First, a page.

After the day of Pentecost we enter into what is usually called Ordinary Time or Common Time. Some people interpret these names as somewhat boring or a turn off. The reality is the proclamation of Pentecost should spill over into this season. Just as the apostles, including Paul, and the other disciples experienced a new freedom and boldness after Pentecost we should operate in a new sense of freedom and boldness during this season.
At this point you may be thinking, “This is great, Bishop, but what do I do with this? How can I get my congregation to go for this? How can I implement this?” I’m glad you asked! 🙂
First, when you engage in the historic practices of the Church, whether baptism, the Lord’s Supper/Eucharist, ordinations, even Christmas and Easter, you are stepping into a nearly 2,000 year-old Tradition – one that Christians of all ages, ethnicities, socio-economic levels have observed and participated in.
Second, if following the Church calendar and the Lectionary is something that ministers to your journey of faith own it. Don’t fear it, embrace it. When you decide to implement it in your local context your congregation will be looking to you, part of the leadership, for guidance and encouragement in this venture.
Third, start slow. If you are starting from scratch focus on Christmas and Easter, then bring in Advent and Palm Sunday. Utilize songs, Scripture readings, and prayers (even written ones) that point directly or subtly to the day or season being celebrated. You might even consider observing some of the seasons and major days in a small group (with select people from you congregation); the observations could be done outside the context of the Sunday and mid-week services. Just like the day of Pentecost, it might attract some attention and cause people to be curious!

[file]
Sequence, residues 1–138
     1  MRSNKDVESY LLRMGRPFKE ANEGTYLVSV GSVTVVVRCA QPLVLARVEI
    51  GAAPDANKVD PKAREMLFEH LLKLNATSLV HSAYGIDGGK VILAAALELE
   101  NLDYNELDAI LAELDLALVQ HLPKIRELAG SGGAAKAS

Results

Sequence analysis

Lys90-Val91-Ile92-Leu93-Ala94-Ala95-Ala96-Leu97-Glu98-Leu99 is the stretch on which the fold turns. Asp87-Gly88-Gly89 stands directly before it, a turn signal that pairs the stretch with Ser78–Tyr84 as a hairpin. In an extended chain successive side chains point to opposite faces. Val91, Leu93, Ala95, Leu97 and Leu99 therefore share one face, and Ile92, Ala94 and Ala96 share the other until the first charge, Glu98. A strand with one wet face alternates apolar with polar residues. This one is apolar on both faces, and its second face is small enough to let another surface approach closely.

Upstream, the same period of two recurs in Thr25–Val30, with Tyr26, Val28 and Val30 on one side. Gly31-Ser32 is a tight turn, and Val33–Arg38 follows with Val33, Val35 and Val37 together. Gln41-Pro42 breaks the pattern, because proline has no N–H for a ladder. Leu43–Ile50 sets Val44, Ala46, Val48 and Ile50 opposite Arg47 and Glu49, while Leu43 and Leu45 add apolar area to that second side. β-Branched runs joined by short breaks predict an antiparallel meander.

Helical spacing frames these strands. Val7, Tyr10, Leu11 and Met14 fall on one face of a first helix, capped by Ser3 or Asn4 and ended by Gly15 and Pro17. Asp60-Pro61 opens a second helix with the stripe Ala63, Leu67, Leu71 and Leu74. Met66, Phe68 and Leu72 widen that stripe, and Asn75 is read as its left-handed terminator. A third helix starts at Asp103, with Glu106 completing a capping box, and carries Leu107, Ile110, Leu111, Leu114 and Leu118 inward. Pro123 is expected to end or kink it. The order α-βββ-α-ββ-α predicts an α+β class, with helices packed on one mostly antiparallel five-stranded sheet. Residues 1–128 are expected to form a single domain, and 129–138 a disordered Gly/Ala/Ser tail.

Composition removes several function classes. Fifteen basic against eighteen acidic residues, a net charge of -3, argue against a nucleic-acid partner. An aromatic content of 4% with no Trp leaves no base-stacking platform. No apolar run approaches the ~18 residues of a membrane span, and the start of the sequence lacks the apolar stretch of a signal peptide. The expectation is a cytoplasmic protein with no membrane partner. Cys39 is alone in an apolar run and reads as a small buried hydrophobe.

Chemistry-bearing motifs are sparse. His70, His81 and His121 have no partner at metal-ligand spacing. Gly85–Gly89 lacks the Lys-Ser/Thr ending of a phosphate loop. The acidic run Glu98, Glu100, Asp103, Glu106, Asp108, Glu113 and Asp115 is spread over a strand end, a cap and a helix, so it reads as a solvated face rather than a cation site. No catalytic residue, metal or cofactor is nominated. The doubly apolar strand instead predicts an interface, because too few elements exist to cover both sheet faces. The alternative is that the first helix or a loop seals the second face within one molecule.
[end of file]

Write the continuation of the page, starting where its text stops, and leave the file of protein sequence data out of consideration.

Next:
If you want to read more on the Church calendar I would recommend the following books:
-Chittister. Joan. The Liturgical Year: The Spiraling Adventure of the Spiritual Life. Thomas Nelson, 2010.
-Hickman, Hoyt L., Don E. Saliers, Laurence Hull Stookey, and James F. White. The New Handbook of the Christian Year: Based on the Revised Common Lectionary. Abingdon Press, 1992.
-McGowan, Andrew B. Ancient Christian Worship: Early Church Practices in Social, Historical, and Theological Perspective (Ch. 7, “Time: Feasts and Fasts”). Baker Academic, 2014/2016.
-Merton, Thomas. Meditations on the Cycle of Litugical Feasts. Ave Maria Press, 2009.
-Stookey, Laurence Hull. Calendar: Christ’s Time for the Church. Abingdon Press, 1996.
-Webber, Robert E. Ancient-Future Time: Forming Spirituality through the Christian Year. Baker Books, 2004.
As this is the last of my guest column series I want to say thank you to Jason Palmer, the administrator and editor of Talking Worship, for this special opportunity. Thank you, the reader, as well for taking the time to journey with me over these past four articles. Please allow me to leave you with the following benediction:
May the peace of the Lord Christ go with you,
wherever He may send you.
May He guide you through the wilderness,
protect you through the storm.
May He bring you home rejoicing
at the wonders He has shown you.
May He bring you home rejoicing
once again into our doors.
+ In the name of the Father, and of the Son, and of the Holy Spirit. Amen.
The Lord be with you…
Bishop Ryan Mackey is a guest columnist for TalkingWorship.com. Mackey is Professor of Music History and Technology at Central Christian College of Kansas and an Auxiliary Bishop in Province USA of the Communion of Evangelical Episcopal Churches. His passions include teaching on and incorporating the historic traditions of the Church in contemporary practices.